Jun 7, 2022
8 tips for effective DAO onboarding
DAO onboarding can either make or break the community's success
Congratulations! Individuals are discovering your DAO. They're trickling into Discord, hanging out, and posing questions about contribution.
What's your next move?
DAO onboarding is one of the most overlooked factors influencing DAOs' prosperity. It's also challenging to execute correctly because individuals' attention spans are limited, and without a clear route to follow, DAOs risk losing potential contributors.
DAOs can appear daunting to newcomers, especially those transitioning from the Web2 to the Web3 landscape. Many people are used to structured roles with explicit instructions. In DAOs, contributors need to be sharp observers and self-starters to contribute effectively.
DAO onboarding knowledge is dispersed and continually evolving. So, we've assembled six tips for DAOs and two tips for contributors to streamline the onboarding process. The fruitful long-term collaboration requires both DAOs and contributors to work together.
Currently, Discord tends to be the entry point for most DAOs. Setting up a "Welcome" or "Intro" channel on Discord is crucial as a stepping stone for contributors to get started.
The "Welcome" channel typically provides contributors with:
The mission and objectives of the DAO
Essential project documentation
Links to other relevant channels
Commonly asked questions and their answers
An example of a "Welcome Mat" is provided in DAO Masters' Discord. It summarizes the necessary steps for contributors to get involved.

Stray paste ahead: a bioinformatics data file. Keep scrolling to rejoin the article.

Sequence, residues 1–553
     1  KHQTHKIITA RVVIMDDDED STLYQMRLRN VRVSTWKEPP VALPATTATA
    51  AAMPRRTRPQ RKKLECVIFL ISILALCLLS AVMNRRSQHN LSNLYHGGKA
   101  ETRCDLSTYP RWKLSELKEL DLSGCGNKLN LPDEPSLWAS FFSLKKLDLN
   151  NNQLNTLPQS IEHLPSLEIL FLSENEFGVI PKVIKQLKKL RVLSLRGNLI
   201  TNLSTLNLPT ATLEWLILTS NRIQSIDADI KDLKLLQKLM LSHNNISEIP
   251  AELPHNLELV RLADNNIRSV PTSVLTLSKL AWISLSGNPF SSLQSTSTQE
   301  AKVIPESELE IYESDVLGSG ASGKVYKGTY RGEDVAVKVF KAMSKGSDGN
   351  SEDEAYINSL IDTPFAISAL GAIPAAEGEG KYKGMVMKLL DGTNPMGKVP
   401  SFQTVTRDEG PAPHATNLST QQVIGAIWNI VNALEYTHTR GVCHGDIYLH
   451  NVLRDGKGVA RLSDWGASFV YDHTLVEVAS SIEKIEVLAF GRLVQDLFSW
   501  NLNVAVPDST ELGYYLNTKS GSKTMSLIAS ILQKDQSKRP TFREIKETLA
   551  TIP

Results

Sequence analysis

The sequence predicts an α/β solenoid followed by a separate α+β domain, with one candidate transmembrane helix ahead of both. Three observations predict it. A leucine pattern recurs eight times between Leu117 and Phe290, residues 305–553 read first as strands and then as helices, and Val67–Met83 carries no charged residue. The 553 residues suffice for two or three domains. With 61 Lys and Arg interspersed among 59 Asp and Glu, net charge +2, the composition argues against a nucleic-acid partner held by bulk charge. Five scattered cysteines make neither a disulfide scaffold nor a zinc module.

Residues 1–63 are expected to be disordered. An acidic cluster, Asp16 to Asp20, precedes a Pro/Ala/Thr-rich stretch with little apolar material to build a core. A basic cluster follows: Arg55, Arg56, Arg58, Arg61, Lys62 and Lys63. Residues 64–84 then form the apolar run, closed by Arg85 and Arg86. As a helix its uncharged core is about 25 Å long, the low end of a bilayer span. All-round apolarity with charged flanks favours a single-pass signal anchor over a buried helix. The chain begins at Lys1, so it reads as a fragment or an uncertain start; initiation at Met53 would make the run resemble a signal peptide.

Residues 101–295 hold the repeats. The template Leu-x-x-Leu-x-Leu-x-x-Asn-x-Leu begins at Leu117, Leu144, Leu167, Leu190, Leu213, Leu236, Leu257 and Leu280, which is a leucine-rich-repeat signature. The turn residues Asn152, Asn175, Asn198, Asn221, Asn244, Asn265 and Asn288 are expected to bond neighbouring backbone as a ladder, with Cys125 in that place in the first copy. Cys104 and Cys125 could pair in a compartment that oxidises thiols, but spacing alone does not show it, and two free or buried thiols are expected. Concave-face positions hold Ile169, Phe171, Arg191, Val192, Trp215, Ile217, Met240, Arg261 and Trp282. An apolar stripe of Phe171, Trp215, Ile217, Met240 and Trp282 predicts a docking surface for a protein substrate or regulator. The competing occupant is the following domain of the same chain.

Document, Document, Document
A DAO's documentation is a strong indicator of its long-term scalability and success. As the membership increases, you will need a systematic way to onboard contributors more effectively.
Documentation allows the DAO to elaborate on its mission, objectives, and values. It helps contributors gauge their fit for the DAO and envision committing their valuable time to the DAO's efforts.
Documentation also clarifies governance, voting, and delegation of the DAO's native tokens, helping contributors understand their potential impact on the DAO's growth.
Index Coop is often seen as the gold standard for contributor onboarding documentation. It outlines key steps contributors can take to familiarize themselves with the DAO and its preferred onboarding process.
Documentation can also serve as a qualifying filter, ensuring only the most interested and committed individuals get onboarded.
Regular & Individual Communication
Scheduling routine calls for new joiners can help contributors find areas they wish to contribute to and streamline the overall process over time.
Index Coop has proposed a Weekly New Joiners call where existing DAO members or Admins can gauge new joiners' interests and experiences and quickly integrate them into relevant channels, drives, and meetings.
During the calls, new joiners can be paired with mentors or buddies to provide a reliable point of contact for questions and further information. The call also helps assess contributors' strengths and preferences, allowing contributors to envision their potential roles within the DAO.
As contributors become more integral to the DAO, communication should increase. Core contributors merit more regular one-on-one calls compared to less active contributors.
Low Hanging Fruit
Sometimes the largest barrier to contribution is simply getting started. The most successful onboarding paths often present low hanging fruit, i.e., straightforward tasks that help contributors familiarize themselves with the DAO and their peers.